This program also lets you speak and type answers into personalized quizzes, for a well-rounded learning program. FluentU can be accessed on the website, or through the iOS and Android apps.
When you watch videos and movies in German, it helps your mind make stronger connections between the words you’re learning and the contexts they appear in. It’s a great way to start thinking in the language, which is vital for becoming fluent.
7. Read the news in German
After getting exposed to some German movies, make sure you’re paying attention to those reading comprehension skills, too. Reading German news is a tried-and-true method to do this.
Highlight any words that don’t make sense and then look them up later in a German dictionary.
8. Connect with Other German Learners or Speakers
Finally, we know this is a guide on how to learn German by yourself, but it’s super helpful to connect with native German speakers, or even fellow German learners!
Use a website like Meetup to meet with people who have an active interest in learning German as well, so you can all practice together.
They’ll also be a source of extra accountability and motivation. You could use similar sites to meet a German friend and practice speaking the language together.
Although we’ve already seen numerous ways to learn German, I have even more methods that I have yet to share with you, beyond these eight steps!
Fun (and Less Traditional) Ways to Practice and Learn German
Some additional things you might want to consider are: using German textbooks, smartphone apps, reading, immersion and getting involved in the culture. Plus the tips we go into below!
Be sure to mix these techniques into your studies from the start so you’re getting consistent, well-rounded communication and comprehension practice.
Don’t be afraid to really focus on the techniques that work well for you. The best way to learn German might look a little different from person to person, and that’s okay.
Listen to German Podcasts
First, check out this post on German learning podcasts. Yes, you can indeed learn German on-the-go.
As an alternative way to concentrate on your German pronunciation while being entertained, podcasts are an intriguing and fun way to learn German.
You can listen to lessons on German idioms, colloquialisms and even some cheeky words to banter with the local Deutschen.
The most popular podcast out there for German learners is most likely GermanPod101 —and it is certainly popular for good reason.
There are hundreds of audio and video lessons, and the collection is always growing with fresh material for all skill levels. Yup, this covers you from newbie to nearly-fluent.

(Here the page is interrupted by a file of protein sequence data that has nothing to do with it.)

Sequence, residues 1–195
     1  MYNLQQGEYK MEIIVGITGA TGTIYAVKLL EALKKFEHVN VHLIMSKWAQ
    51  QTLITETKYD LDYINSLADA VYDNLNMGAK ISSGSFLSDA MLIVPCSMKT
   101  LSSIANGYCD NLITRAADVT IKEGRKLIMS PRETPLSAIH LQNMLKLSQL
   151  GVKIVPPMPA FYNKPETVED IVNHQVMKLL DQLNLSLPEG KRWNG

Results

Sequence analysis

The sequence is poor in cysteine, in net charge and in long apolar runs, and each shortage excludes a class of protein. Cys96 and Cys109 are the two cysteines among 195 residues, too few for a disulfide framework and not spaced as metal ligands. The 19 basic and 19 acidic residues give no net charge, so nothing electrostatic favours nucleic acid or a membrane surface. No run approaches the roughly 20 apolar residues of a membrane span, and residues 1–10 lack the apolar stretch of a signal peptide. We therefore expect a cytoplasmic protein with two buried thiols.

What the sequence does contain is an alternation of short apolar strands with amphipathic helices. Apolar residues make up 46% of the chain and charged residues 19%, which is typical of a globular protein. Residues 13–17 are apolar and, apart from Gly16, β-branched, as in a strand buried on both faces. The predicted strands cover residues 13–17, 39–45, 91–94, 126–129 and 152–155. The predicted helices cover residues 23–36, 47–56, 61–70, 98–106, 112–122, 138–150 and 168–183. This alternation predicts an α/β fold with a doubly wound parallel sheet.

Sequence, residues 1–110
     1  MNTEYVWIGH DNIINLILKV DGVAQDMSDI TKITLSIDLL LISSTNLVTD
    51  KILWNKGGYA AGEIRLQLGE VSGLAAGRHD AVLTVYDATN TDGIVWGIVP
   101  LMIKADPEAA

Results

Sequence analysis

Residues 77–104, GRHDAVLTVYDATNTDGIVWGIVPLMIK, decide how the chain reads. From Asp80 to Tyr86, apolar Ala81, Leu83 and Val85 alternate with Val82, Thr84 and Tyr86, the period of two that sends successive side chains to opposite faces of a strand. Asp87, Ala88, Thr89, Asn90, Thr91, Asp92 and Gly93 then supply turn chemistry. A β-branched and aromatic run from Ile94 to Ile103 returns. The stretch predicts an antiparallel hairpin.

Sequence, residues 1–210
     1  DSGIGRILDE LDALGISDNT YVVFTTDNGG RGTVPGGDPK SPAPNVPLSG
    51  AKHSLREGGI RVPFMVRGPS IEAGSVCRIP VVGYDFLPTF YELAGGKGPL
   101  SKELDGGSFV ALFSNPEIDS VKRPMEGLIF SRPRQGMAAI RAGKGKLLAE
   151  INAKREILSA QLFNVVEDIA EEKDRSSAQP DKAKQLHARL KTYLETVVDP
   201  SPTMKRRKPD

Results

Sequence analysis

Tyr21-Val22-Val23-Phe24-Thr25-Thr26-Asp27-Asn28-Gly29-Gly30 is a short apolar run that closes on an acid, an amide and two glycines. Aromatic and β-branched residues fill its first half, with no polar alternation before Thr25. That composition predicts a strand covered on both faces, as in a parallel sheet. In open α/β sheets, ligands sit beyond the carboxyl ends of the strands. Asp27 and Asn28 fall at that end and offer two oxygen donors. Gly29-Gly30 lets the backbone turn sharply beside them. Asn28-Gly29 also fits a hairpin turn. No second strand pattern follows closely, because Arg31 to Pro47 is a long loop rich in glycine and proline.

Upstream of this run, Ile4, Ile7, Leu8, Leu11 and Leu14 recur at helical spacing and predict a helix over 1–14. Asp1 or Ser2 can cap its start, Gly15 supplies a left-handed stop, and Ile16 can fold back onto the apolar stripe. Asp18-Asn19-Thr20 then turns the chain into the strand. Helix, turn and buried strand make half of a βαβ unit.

With a membership, you’ll have access to all of these and be privy to interactive learning tools like SRS flashcards, PDF transcripts, community forums and a handy app.
Make German-speaking Friends
I mentioned it earlier, but I just need to stress that Meetup is a fantastic website for finding like-minded people who may also want to meet you.
Other great places to find language exchange partners online are Tandem, HelloTalk and Speaky.
You can find a German friend, or others learning how to speak German as well. You could go to a German restaurant, practice ordering with the waitstaff and try to have a fluent German conversation—now that’s a great way to learn!
Watch German Comedy
Yes, there’s even stand-up comedy about the German language! “What’s So Funny About German” is a 10-part series provided by BBC videos that features stand-up comedian Henning Wenn.
The series deals with a lot of topics, including the German alphabet, telling the time, politeness, gender and even some jokes. This is one of most amusing ways to immerse yourself in German and have a laugh at some of the challenging things you have been learning.
Once you’ve gone through all of these tips and you want even more free resources for your German studies, check out this article as well.
How to Approach German from an English-speaking Standpoint
If you’re an Englisch speaker and wish Deutsch zu sprechen, there are a few things to keep in mind to aid you on your journey to master the German language by yourself.
- German and English actually come from the same language group, the Germanic language group. This can be viewed as a real head start over somebody from another language group. However, while German and English are in the same language group, they share very few similarities.
- The hardest part of the German language would be the grammar. It is one of the few Germanic languages that has kept most of the old fully-inflected grammar, which isn’t too dissimilar from Latin or Russian.
- Sentences are structured in a different way in German compared to the way they are in English. So you have to pay attention to word order and cannot simply replace the words of a sentence with German words. For example, “hilf mir doch mal jemand,” which would literally translate to “somebody me help” in English.
So as you can see, the grammatical side of German can be tricky to learn at the beginning. However, once you get the hang of some grammar, it’s much easier from then on.
Now that you have many tips and tools to succeed, go out there and learn German solo!